An award-winning American independent Fantasy, Ink has become a sleeper hit worldwide. The film portrays a struggle between the forces of good and evil over the soul of a man and a little girl caught in between. The film's deliriously realized dream sequences make clear that no matter what life throws at you, in the end the path you take is yours to choose, leaving the viewer with the simple message that, yes, there is hope.
This movie will first confuse your perception of the narrative with a feud involving the two magicians (played by Hugh Jackman and Christian Bale), but you will soon be hooked by the twists and turns of the plot. The unveiling of the mystery will leave you in awe, however it is the storytelling and the process that Christopher Nolan puts together so beautifully that is the greatest thing about this movie.
A nasty little chase film with dark humor and balls to the walls action sequences. It is slightly insane, has some brutal fights in it and is completely beyond belief. The thing that keeps it going is its sheer pace; often circumstances shift so quickly the whole film seems a little surreal, which is part of its charm. The only point at which the film does slow down is when it hits incredibly suspenseful moments, which are stretched to near infinity. As it's from the continental tradition, expect all the raw colors, emotion and slightly off kilter characters reminiscent of a violent Lars Von Trier.
A revelation of a movie, both in filmmaking and commercial success. While little-known abroad, it has made more than $42 million in US Box Office revenue out of a tiny $5 million budget. Kumail Nanjiani, stand-up comedian and star of the show Silicon Valley, tells his own story of romance with his now-wife Emily V. Gordon (who co-wrote the movie). Because it is based on a true story, and because it is the product of the love of both its writers and stars, this movie is incredibly heartfelt. It is also timely, addressing heavy themes such as identity, immigration, and family relationships. Not to mention it is absolutely hilarious. And it's produced by Judd Apatow. Trust me and go watch it.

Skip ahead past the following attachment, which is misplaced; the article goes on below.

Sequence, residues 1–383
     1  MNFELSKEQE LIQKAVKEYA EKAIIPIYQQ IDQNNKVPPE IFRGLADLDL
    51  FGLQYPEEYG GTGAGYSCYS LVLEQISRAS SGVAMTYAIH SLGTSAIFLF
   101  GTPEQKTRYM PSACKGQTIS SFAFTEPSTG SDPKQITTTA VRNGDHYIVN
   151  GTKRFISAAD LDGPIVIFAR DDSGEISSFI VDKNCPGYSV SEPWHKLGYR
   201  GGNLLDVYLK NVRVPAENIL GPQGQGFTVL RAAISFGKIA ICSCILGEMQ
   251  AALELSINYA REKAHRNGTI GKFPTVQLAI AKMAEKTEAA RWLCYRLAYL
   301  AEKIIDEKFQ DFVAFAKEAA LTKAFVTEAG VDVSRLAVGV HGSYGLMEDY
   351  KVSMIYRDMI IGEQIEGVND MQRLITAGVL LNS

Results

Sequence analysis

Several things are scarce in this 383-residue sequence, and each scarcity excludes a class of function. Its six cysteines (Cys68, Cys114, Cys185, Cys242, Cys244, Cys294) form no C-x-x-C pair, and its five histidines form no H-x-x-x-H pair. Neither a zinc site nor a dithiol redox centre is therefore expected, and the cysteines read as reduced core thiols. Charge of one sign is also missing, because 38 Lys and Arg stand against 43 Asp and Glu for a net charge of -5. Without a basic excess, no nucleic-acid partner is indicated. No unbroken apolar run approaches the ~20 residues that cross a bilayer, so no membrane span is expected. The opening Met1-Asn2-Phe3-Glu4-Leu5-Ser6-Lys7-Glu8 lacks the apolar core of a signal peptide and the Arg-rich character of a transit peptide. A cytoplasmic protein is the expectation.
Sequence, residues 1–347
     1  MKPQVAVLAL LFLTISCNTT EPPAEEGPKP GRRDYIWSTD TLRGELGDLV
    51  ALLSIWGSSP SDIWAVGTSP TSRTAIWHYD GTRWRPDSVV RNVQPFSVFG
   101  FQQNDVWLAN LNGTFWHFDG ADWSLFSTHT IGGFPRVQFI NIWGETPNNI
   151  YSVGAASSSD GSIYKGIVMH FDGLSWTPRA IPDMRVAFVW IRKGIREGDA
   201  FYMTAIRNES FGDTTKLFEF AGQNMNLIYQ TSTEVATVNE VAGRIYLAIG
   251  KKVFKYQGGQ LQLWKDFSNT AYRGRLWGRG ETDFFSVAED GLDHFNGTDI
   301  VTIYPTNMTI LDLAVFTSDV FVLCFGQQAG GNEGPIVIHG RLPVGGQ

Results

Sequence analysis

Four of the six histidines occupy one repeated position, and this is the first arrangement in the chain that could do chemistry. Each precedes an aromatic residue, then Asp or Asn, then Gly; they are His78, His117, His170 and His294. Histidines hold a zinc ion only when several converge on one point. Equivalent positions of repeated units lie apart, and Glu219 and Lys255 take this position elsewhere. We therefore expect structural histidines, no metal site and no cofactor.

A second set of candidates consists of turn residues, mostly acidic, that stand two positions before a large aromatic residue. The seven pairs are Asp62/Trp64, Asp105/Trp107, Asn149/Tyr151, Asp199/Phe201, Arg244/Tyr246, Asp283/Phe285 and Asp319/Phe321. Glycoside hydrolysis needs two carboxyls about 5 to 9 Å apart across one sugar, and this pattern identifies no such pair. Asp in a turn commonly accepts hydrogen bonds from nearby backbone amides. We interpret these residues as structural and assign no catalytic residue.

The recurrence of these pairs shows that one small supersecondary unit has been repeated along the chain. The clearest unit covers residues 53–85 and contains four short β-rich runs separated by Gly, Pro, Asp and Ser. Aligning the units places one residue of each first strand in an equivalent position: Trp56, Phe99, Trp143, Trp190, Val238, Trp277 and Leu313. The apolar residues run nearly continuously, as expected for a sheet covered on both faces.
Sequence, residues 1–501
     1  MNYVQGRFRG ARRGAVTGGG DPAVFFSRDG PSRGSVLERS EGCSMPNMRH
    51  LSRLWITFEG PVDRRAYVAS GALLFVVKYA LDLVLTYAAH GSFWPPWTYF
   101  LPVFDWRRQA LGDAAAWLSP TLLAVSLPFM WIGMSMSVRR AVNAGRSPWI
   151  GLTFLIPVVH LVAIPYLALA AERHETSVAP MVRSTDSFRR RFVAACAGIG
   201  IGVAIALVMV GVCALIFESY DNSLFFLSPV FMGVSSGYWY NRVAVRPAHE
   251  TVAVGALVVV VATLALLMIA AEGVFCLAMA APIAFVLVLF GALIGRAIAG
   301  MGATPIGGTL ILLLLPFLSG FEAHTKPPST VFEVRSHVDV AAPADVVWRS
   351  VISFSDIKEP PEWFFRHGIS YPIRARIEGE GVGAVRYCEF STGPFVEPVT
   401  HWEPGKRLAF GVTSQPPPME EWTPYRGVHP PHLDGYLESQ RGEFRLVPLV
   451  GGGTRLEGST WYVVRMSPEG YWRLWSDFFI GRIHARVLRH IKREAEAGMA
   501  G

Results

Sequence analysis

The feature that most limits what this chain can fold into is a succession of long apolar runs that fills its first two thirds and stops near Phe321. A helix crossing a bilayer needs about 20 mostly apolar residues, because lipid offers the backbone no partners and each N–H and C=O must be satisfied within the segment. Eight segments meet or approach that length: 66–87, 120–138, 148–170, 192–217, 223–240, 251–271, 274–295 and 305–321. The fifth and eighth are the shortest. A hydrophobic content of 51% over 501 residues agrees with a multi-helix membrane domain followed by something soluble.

Six vignettes that test the limits of psychotic human extremes are masterfully woven with layers of irony and satire. Each story begins in a relatable situation, but the characters propel themselves into an incomprehensible circumstance. Lovers of dark comedy will be delighted, shocked, and awed by this emotional thrill ride all while laughing their asses off. Truly, nothing more needs to be said about this film, so sit back and let the insanity ensue.
In Bruges is a dark comedy about two Irish assassins in a 'boring' continental European city. The dark crimes that haunt them and their ineffably vulgar manner of speech contrast gloriously with the quiet beauty of the Flemish architecture and order, like a knife fight in a dollhouse. More endearingly, the relationship between the two killers constantly swings between endearment and distaste. If you liked Four lions or dark comedies in general, then you will love In Bruges.
Four Lions is as black and as dark as a movie can ever get, mixing cultural relevancy with humor and ridiculousness. It is insensitive to Islam, insensitive to terrorism and insensitive to the viewer. But it is hilarious. The director spent three years talking to Imams, terrorism experts and basically everyone. The result? A legit 97 minutes that will dazzle even extremists with its knowledge of Islam and the accuracy of its lines. Needless to say that it will upset quite a few people, but that is always a good sign for black comedy movies, right?